Thanks to a handy front-facing screen, you can monitor yourself while recording, making this a great option for action videos and standard walk-and-talk style vlogs. GoPro's HyperSmooth stabilization is the best in its class and ensures your footage looks smooth. The camera also has more frame rate and resolution options than you'll need, with 5k up to 60 fps and 4k up to 120 fps. If the price is still a little higher than you'd like, an older GoPro model like the GoPro HERO9 Black is a good, cheaper alternative, though it has fewer frame rate options and performs a tad worse in low light.
A point-and-shoot camera like the Sony ZV-1 offers portability and convenience if you want something small and simple. It's similar to the other ZV series cameras recommended above, with a fully articulated screen, dedicated vlogging focus modes, and a microphone optimized for vlogging, complete with a detachable windscreen to reduce ambient noise. However, its compact, fixed-lens form factor makes it much more portable, so it's a good fit for walk-and-talk on-the-go vlogging. While you don't get as much flexibility with a fixed lens, it's also an easier jump from your smartphone since you don't have to fuss around with different lenses.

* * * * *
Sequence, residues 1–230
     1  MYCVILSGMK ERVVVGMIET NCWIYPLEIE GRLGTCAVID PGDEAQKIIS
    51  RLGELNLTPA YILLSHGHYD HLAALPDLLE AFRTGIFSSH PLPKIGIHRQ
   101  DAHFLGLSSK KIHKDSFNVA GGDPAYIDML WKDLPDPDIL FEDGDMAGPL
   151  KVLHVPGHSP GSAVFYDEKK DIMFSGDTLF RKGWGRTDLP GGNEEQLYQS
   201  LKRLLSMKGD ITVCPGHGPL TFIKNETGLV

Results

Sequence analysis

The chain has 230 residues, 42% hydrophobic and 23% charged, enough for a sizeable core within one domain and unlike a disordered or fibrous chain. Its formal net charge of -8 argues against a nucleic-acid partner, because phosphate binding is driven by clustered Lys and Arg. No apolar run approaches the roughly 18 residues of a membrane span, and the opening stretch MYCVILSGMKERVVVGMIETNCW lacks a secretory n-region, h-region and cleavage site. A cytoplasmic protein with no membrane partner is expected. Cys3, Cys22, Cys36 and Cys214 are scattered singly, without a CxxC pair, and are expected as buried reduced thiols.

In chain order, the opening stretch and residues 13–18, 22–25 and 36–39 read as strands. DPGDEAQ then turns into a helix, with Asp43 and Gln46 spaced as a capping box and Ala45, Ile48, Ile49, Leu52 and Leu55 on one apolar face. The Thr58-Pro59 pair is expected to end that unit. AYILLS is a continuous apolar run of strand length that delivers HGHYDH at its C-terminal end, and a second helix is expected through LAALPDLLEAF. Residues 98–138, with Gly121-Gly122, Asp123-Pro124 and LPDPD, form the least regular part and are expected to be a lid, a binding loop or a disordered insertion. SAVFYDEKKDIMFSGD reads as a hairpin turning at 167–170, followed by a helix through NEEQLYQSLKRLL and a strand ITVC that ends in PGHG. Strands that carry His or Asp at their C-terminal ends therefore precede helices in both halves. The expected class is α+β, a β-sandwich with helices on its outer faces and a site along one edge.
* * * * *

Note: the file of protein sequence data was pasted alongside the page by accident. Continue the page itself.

If you prefer a wider-angle lens, the new Sony ZV-1 II has a wider focal length that, on its face, is a little better suited to vlogging. Just be aware that it's pricier and lacks optical stabilization, so you might end up with a cropped image anyway with e-stabilization enabled. The biggest drawback of a compact camera is a smaller battery, a shorter battery life, and a tendency to overheat during long recording sessions. If that isn't a dealbreaker, this is one of the best YouTube cameras for those who need something compact.